Most energy efficient (home) setup
bicknell at ufp.org
Thu Feb 23 09:29:35 CST 2012
In a message written on Wed, Feb 22, 2012 at 01:13:47PM -0800, Jeroen van Aart wrote:
> After reading a number of threads where people list their huge and
> wasteful, but undoubtedly fun (and sometimes necessary?), home setups
> complete with dedicated rooms and aircos I felt inclined to ask who has
> attempted to make a really energy efficient setup?
I've spent a fair amount of time working on energy effiency at home.
While I've had a rack at my house in the distant past, the cooling
and power bill have always made me work at down sizing. Also, as
time went by I became more obsessed with quite fans, or in particular
fanless designs. I hate working in a room with fan noise.
As others have pointed out, there are options these days. Finding
a competent home router isn't hard, there are plenty of consumer,
fanless devices that can be flashed with OpenWRT or DDWRT. I've
also used a fanless ALIX PC running a unix OS, works great. Apple
products like the Mini and Time Capsule are great off the shelf
options for low power and fanless. Plenty of folks make low power
home theater or car PC's as well.
The area where I think work needs to be done is home file servers.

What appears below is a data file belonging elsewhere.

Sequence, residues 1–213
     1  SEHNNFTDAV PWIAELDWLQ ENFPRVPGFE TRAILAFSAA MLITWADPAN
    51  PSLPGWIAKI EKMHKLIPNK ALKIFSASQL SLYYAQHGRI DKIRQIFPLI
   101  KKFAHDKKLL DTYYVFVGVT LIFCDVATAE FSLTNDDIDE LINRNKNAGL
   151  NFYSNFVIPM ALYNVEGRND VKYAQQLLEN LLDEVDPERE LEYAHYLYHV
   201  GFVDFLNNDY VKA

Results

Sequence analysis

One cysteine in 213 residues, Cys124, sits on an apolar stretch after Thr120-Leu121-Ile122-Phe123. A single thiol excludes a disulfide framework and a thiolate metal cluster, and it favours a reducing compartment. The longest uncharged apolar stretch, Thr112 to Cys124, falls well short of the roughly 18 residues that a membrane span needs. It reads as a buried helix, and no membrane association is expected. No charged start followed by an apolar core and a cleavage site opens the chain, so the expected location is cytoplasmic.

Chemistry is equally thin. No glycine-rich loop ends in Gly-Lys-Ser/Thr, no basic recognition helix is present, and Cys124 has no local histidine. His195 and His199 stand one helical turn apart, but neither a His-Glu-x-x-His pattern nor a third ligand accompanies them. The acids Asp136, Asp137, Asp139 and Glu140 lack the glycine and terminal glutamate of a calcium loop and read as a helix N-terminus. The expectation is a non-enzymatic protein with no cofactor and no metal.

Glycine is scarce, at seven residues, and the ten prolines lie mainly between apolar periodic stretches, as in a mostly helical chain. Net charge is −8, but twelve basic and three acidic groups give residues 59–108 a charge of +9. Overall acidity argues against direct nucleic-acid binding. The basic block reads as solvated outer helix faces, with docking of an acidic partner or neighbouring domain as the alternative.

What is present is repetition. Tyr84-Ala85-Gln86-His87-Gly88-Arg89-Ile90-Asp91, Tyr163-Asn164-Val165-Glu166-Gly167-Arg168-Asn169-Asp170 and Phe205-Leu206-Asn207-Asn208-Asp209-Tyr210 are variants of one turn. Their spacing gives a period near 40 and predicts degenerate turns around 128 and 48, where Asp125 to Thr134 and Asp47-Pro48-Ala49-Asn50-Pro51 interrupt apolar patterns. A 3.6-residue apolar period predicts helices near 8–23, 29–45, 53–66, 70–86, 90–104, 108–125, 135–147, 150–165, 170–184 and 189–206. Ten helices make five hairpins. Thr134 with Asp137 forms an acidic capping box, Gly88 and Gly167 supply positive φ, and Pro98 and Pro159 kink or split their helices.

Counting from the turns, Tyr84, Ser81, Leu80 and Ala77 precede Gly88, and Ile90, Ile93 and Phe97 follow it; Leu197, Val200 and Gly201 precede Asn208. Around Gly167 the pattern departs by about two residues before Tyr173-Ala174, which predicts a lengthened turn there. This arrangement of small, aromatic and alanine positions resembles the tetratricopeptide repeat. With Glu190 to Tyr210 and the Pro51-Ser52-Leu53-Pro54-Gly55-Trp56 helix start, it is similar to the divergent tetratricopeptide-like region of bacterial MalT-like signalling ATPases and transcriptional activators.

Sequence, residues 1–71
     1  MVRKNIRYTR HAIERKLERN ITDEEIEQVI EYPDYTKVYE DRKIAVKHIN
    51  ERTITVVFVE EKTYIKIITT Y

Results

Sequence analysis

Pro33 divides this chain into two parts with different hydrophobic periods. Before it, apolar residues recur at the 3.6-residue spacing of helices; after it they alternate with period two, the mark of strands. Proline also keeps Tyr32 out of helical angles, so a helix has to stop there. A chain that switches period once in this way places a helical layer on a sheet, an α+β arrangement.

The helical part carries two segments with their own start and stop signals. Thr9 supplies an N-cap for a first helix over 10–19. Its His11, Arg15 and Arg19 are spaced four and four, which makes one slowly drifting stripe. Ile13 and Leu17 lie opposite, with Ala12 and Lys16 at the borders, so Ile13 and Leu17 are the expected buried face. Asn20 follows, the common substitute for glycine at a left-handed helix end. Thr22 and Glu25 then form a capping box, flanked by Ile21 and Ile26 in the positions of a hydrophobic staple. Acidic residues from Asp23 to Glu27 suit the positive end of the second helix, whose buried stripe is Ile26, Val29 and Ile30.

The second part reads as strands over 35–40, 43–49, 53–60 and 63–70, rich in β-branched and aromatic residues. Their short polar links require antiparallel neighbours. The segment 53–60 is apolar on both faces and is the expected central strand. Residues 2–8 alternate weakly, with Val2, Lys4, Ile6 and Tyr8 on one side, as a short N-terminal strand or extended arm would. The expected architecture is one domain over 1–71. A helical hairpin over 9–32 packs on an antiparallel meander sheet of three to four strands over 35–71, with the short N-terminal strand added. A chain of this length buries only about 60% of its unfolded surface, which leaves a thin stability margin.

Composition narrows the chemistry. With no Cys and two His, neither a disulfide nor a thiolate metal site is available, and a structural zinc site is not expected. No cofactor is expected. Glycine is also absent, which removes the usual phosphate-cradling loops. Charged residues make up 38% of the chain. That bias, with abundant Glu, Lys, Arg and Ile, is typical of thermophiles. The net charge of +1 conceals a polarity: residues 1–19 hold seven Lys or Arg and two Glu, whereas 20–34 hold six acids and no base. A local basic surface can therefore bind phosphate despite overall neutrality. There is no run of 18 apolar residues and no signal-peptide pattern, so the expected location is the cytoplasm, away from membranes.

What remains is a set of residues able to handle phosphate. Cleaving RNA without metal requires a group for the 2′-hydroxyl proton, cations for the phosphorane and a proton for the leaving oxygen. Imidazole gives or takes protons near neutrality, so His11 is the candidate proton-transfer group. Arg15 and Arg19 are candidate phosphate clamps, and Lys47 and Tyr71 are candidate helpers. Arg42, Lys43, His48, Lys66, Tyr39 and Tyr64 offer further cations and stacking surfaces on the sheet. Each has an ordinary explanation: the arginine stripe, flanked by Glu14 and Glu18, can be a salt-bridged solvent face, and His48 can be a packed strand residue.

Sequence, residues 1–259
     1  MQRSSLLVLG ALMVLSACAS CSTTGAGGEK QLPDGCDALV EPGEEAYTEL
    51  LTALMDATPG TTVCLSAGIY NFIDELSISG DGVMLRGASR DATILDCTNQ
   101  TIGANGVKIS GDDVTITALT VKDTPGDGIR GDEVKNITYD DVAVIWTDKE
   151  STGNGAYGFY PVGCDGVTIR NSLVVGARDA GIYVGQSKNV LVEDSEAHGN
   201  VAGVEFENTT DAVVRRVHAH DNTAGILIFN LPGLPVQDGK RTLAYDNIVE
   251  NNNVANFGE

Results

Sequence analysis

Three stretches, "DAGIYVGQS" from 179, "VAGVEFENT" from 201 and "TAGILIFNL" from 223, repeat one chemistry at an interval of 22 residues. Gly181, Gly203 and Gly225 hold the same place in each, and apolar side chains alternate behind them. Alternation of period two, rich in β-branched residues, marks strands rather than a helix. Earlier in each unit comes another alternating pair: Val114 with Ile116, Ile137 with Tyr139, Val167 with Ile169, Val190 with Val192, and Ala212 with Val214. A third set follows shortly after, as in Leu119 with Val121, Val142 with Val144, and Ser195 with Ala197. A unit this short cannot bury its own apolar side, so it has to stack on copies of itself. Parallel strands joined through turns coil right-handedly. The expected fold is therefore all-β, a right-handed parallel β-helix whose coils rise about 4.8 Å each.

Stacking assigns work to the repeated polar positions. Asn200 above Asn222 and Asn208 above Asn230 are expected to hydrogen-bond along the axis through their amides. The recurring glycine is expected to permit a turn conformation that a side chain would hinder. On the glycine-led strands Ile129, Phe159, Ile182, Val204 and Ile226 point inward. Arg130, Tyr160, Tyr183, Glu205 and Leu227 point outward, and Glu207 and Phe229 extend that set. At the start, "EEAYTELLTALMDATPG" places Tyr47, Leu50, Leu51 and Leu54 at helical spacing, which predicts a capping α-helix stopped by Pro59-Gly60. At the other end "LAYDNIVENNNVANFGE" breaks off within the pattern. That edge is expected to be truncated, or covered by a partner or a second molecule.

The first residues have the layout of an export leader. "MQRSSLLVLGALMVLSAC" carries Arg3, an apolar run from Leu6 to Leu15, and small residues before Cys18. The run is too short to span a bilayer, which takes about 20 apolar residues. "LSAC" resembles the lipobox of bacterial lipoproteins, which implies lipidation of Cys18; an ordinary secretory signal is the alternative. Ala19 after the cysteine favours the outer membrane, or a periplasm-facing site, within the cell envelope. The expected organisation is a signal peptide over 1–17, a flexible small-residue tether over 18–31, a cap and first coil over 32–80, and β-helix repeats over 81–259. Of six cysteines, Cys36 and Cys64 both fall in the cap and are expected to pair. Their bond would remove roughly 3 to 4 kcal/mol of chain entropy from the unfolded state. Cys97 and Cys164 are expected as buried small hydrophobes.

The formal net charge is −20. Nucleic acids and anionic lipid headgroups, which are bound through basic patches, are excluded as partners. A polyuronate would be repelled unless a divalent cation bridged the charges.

Most of the low power computer options assume you also want a
super-small case and a disk or two. Many Atom motherboards only
have a pair of SATA ports, a rare couple have four ports. There
seems to be this crazy assumption that if you need 5 disks you need
mondo processor, and it's just not true. I need 5 disks for space,
but if the box can pump it out at 100Mbps I'm more than happy for
home use. It idles 99.99% of the time.
I'd love a low powered motherboard with 6-8 SATA, and a case with
perhaps 6 hot swap bays but designed for a low powered, fanless
motherboard. IX Systems's FreeNAS Mini is the closest I've seen,
but it tops out at 4 drives.
But what's really missing is storage management. RAID5 (and similar)
require all drives to be online all the time. I'd love an intelligent
file system that could spin down drives when not in use, and even for
many workloads spin up only a portion of the drives. It's easy to
imagine a system with a small SSD and a pair of disks. Reads spin one
disk. Writes go to that disk and the SSD until there are enough, which
spins up the second drive and writes them out as a proper mirror. In a
home file server drive motors, time you have 4-6 drives, eat most of the
power. CPU's speed step down nicely, drives don't.
The cloud is great for many things, but only if you have a local copy.
I don't mind serving a web site I push from home out of the cloud, if my
cloud provider dies I get another and push the same data. It seems like
keeping that local copy safe, secure, and fed with electricty and
cooling takes way more energy (people and electricty) than it should.
Leo Bicknell - bicknell at ufp.org - CCIE 3440
PGP keys at http://www.ufp.org/~bicknell/
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